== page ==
Biden proposes minimum tax on households worth more than $100 million

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Washington President Joe Biden plans to propose a 20% minimum tax on households worth more than $100 million and cut projected budget deficits by more than $1 trillion over the next decade, according to a fact sheet released Saturday by the White House Budget Office.

The introduction of the minimum tax for the richest Americans would mean a major reorientation of the tax law. It would apply to the top 0.01% of households, with half of the projected income coming from households worth $1 billion or more. The minimum tax would effectively prevent the wealthiest swath of America from paying lower rates than families who consider themselves middle-class, while helping to generate income to support Mr. Biden and contain the deficit in the US economy.

In his proposal expected Monday, the lower deficits also reflect the economic recovery as the US emerges from the pandemic. It’s a sign that the government’s balance sheet will improve after a historic burst in spending to fight the coronavirus.

The disappearance of the pandemic and growth has pushed the deficit from $3.1 trillion in fiscal year 2020 to $2.8 trillion last year and is projected to be $1.4 trillion this year. That deficit spending paid off in the form of an economy that grew at a rate of 5.7% last year, the strongest growth since 1984. But inflation at a 40-year high was also accompanied by those robust gains, as high prices weighed on Biden’s popularity.

For the Biden administration, the proposal for the fiscal year starting October 1 shows that the spending burst has contributed to growth and, as a result, has made public finances more stable for years to come. A White House official, who is pushing for anonymity because the budget has yet to be released, said the proposal shows Democrats can deliver on what Republicans have previously promised without much success: faster growth and falling deficits.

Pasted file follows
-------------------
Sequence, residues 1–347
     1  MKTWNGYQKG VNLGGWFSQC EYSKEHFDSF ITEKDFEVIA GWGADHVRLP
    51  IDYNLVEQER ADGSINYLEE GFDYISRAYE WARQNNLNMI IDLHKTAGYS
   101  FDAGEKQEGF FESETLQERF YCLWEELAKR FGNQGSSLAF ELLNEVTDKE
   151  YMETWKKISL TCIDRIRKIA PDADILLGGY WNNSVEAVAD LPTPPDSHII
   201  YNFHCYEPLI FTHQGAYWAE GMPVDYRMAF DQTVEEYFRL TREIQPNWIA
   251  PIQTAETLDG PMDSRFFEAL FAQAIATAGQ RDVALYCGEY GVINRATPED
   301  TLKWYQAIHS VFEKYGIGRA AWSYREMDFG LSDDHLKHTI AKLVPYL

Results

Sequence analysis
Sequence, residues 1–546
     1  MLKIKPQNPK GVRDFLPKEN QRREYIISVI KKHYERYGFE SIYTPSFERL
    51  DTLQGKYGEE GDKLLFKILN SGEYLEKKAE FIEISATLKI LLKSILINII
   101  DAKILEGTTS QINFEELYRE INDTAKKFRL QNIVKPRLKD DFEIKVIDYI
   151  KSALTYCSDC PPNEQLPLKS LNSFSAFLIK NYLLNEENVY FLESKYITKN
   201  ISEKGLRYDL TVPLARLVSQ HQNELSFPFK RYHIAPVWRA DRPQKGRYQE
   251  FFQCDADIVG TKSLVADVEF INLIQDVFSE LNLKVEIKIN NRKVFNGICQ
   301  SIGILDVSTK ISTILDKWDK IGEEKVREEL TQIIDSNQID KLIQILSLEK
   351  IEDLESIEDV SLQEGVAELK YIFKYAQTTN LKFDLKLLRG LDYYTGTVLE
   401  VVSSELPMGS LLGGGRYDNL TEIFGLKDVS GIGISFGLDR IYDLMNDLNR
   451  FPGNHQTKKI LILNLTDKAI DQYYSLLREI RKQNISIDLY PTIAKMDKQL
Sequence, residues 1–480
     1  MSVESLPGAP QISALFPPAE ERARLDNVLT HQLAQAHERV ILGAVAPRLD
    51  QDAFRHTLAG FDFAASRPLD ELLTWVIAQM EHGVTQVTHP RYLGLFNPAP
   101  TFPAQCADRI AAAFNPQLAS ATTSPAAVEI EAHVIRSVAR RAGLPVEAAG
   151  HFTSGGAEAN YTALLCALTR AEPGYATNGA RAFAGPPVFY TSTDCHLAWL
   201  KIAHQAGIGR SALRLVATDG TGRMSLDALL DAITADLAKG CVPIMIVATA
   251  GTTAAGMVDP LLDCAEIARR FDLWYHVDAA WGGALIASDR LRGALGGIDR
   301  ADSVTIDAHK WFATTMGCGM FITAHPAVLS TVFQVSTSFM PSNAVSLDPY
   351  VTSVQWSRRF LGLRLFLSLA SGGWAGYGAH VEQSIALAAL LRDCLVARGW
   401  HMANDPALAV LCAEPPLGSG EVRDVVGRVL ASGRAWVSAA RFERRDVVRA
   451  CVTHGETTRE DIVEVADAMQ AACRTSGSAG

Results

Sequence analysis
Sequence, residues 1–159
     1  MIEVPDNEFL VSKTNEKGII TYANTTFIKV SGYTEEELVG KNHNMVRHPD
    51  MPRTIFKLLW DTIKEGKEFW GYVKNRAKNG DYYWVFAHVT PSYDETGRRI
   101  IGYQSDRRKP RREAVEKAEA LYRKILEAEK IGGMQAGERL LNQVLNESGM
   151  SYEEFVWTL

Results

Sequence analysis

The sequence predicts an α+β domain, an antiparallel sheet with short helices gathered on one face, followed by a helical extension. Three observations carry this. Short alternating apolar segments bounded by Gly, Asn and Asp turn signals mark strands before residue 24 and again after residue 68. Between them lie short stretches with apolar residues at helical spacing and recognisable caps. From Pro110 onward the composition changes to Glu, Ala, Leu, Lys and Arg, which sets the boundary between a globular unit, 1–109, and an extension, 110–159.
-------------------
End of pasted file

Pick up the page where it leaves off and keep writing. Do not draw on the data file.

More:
Yet the Biden budget would promise to do this through a sort of wealth tax that many Republicans say would hurt the economy through private investment in companies that create jobs and make the rich spend their fortunes working abroad. to decrease.

Republican lawmakers have said the Biden administration’s spending over the past year has led to more economic pain in the form of higher prices. The inflation that accompanied the reopening of the US economy as the pandemic shutdowns began to end has been compounded by supply chain problems, low interest rates and now disruptions in the oil and natural gas markets due to Russia’s invasion of Ukraine.

Senate Republican leader Mitch McConnell of Kentucky blames Mr. Biden’s relief from the coronavirus, as well as his drive to move away from fossil fuels.

“The Washington Democrats’ response to these hardships has been as misleading as the war on US energy and the runaway spending that helped create them,” McConnell said last week. “The Biden administration seems to be trying to do everything but reverse its own disastrous economic policies.”

Mr Biden inherited from the Trump administration a budget deficit equal to 14.9% of the entire US economy. But the deficit starting in the next fiscal year will be less than 5% of the economy, putting the country on a more sustainable path, according to people familiar with the budget proposal and who insisted on anonymity to discuss future details.

The lower deficit totals will also be easier to manage, even if interest rates rise.

The projected deficit decline for fiscal 2022 reflects the solid hiring recovery driven largely by Mr Biden’s $1.9 trillion in coronavirus relief package. The additional jobs mean additional tax revenue, with the government likely to collect $300 billion more in revenue compared to fiscal 2021, a 10% increase.

Still, the country will face several uncertainties that could reform the president’s proposed budget, which will include figures that do not take into account the spending omnibus recently signed into law. Biden and his US allies are also providing aid to Ukrainians fighting Russian forces, a war that could potentially alter spending priorities and the broader economic outlook.

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